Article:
m
          Miss Tenacity

          Hear, hear! I even just blogged about this today... *grin*

          Andrea

          Link: http://tenacity.net/2005/04/eats-fit-...

      2. re: Louise
        a
        A Fish Called Wanda

        Whole kernel buckwheat is great toasted with a little oil in a pan before adding water. It gives the grains a nutty taste and keeps them from getting mushy. I usually add some sauteed mushrooms and caramelized onions in the end. Oh, and duck fat if you have some, or butter :)

        Just a note: Kasha means "hot cereal" in Russian. In US it came to mean buckwheat, but we make kashas with rice, millet, oats, barley, etc. Usually, we serve them in a savory way, but kids sometimes like to put sugar in them. It's funny that the oat dish I was describing does not cleanly fit into either "risotto" or "kasha" categories. A true risotto is made with rice as the name suggests. And a true kasha would never have parmesan cheese or asparagus added to it. Hey, it sounds like a Russian-Italian fusion ;) Maybe we can call this dish "kashotto".

      3. this seems more like a pilaf than risotto to me. Have you tried adding the liquid a little at a time like in a real risotto, rather than at once? I wonder if the texture would be very different or not.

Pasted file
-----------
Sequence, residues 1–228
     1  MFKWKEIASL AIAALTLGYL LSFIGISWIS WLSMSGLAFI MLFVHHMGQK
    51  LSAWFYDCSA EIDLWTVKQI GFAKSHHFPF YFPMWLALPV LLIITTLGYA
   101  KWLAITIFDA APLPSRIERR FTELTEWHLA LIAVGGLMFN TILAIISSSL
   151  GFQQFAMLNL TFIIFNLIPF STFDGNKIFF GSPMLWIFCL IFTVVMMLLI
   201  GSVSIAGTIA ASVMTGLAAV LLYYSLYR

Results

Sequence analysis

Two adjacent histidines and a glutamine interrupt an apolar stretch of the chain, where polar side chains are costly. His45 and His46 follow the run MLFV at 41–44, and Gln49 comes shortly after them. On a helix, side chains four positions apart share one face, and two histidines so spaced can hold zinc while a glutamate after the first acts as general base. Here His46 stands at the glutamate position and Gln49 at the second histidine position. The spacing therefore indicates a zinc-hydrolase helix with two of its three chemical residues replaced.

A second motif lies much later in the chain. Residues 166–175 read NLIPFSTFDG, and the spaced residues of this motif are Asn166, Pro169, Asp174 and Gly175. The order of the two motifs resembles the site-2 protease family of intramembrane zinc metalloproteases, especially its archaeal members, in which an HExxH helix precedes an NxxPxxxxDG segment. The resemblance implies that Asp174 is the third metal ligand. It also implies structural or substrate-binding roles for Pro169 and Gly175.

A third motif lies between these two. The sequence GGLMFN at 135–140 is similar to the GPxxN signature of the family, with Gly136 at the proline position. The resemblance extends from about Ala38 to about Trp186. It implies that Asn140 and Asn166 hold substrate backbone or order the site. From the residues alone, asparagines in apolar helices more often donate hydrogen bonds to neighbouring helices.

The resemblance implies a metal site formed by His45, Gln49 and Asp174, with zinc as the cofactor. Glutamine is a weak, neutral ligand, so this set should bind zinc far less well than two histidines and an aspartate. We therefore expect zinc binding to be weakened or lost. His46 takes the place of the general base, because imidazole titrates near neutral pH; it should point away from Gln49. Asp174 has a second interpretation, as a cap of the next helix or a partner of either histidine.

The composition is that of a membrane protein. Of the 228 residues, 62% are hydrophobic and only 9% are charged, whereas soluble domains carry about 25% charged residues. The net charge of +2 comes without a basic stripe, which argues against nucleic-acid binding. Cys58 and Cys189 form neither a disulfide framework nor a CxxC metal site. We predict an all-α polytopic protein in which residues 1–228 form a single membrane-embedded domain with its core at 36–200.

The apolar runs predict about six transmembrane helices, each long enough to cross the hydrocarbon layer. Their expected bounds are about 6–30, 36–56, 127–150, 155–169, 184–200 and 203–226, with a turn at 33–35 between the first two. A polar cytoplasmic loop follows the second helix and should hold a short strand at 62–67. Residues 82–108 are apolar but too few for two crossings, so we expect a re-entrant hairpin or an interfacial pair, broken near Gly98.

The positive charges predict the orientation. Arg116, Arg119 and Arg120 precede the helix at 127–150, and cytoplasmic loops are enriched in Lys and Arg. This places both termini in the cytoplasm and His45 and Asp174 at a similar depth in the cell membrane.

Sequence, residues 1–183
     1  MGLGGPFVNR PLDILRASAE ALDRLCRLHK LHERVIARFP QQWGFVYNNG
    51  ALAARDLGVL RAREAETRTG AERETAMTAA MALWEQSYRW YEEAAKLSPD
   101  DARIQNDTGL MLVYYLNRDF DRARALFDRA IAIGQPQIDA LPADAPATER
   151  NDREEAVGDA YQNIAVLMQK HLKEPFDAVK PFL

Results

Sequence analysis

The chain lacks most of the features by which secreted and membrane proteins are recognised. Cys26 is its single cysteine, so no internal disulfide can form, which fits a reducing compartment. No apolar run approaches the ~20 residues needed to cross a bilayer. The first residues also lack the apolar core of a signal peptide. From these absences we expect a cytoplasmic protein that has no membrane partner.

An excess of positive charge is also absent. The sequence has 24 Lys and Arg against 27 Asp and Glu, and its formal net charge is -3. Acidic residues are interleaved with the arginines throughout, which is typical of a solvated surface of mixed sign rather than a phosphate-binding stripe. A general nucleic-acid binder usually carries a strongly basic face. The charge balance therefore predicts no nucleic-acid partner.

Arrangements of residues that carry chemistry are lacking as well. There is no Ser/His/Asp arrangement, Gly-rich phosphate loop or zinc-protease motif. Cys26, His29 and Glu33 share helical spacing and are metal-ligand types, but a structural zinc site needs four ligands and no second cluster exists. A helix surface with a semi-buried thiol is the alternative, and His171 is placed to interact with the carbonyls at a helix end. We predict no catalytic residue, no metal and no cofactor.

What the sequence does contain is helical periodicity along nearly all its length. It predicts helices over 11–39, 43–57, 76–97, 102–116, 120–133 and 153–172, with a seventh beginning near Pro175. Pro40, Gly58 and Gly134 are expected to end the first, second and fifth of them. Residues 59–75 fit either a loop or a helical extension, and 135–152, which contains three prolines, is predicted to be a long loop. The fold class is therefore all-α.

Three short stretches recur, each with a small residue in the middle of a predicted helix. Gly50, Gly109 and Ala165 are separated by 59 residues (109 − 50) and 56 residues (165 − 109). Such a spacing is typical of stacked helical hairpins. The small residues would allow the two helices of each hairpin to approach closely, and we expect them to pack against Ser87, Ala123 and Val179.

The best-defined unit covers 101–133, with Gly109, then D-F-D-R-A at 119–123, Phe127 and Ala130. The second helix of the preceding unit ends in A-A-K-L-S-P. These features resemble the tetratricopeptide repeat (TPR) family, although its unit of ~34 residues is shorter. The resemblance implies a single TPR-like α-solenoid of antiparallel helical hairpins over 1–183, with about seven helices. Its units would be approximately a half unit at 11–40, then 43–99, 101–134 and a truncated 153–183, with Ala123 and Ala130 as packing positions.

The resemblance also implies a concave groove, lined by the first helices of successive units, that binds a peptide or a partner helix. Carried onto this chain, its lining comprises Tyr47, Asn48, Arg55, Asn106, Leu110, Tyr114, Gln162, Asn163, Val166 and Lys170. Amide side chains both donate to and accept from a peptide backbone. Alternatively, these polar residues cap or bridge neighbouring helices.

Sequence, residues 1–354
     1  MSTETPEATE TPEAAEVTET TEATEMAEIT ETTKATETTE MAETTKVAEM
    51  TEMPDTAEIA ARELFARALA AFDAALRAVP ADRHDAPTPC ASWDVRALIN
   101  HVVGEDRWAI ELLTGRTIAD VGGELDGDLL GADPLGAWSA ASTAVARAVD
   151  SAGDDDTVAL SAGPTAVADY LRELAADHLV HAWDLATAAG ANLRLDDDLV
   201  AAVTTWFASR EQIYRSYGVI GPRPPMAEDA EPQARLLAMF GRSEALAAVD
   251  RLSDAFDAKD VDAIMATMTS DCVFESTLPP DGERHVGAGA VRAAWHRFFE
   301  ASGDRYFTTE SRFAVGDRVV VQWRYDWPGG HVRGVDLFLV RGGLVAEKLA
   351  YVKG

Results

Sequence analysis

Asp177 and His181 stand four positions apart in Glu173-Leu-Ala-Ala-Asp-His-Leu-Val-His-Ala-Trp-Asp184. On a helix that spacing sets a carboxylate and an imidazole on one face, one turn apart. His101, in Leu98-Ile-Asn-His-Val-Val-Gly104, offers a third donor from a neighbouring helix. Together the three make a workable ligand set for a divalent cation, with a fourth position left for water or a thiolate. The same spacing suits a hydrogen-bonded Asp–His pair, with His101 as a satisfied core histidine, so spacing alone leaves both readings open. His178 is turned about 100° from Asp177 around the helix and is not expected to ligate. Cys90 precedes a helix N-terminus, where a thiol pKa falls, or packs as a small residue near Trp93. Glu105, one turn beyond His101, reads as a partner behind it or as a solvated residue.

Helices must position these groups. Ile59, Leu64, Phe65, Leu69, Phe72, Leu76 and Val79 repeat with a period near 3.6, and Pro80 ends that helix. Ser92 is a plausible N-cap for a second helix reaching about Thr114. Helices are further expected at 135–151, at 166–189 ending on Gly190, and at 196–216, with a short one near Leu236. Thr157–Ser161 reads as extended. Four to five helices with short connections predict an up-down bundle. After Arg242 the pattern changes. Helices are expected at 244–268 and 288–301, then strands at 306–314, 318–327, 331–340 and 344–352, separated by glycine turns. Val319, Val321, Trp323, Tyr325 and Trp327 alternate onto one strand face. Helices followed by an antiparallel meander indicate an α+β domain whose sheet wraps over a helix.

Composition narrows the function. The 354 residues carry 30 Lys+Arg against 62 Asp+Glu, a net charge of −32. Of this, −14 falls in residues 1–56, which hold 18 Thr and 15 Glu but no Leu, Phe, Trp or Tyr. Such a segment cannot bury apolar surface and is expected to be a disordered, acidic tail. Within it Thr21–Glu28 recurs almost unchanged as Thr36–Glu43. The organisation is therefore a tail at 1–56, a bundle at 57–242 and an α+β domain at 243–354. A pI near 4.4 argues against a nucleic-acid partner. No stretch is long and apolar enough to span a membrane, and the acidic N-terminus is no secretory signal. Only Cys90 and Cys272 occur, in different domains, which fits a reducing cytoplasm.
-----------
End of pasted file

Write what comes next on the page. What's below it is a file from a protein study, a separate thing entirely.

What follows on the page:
What sort of texture does this dish have? Is it much like oatmeal, or does the toasting keep it harder and the grains more separate? Thanks.

        2 Replies
        1. re: kate

          I had similar questions, based on the original post and some of the followups below. I'm rather picky when it comes to risotto, and I believe one of they keys to the dish is properly coaxing the abundant starch out of the specific varieties of rice by careful cooking techniques. Do oatmeal and these other grains have similar starch content that creates the sauce that defines risotto? I guess I'm wondering if I should be annoyed that these dishes are being called risotto (like I am that any combination of liquids served in a cocktail glass is called a Martini these days). ;)

          1. re: kate
            a
            A Fish Called Wanda

            Don't worry about the name. I only called it risotto because I had a similar dish in a restaurant and it was called "risotto" there. Whatever it's called, it's very yummy. Roasting the oats before adding water and not overcooking them makes them very nutty and al dente. I think this only works with steel cut oats like McCann's, not Quaker and other normal oat varieties. Try it -- you'll like it :)

          2. I make a mixture of garlic fried in olive oil, add chopped tomato and fresh basil, cook for a few minutes then mix this in with leftover Oatmeal and sprinkle grated cheese over the top. My picky husband even likes it for a change!
            One can cook the oatmeal in chicken broth for added flavor and leave it set to cool. Today, for lunch, I added a few slices of leftover chicken breast on top which added protein.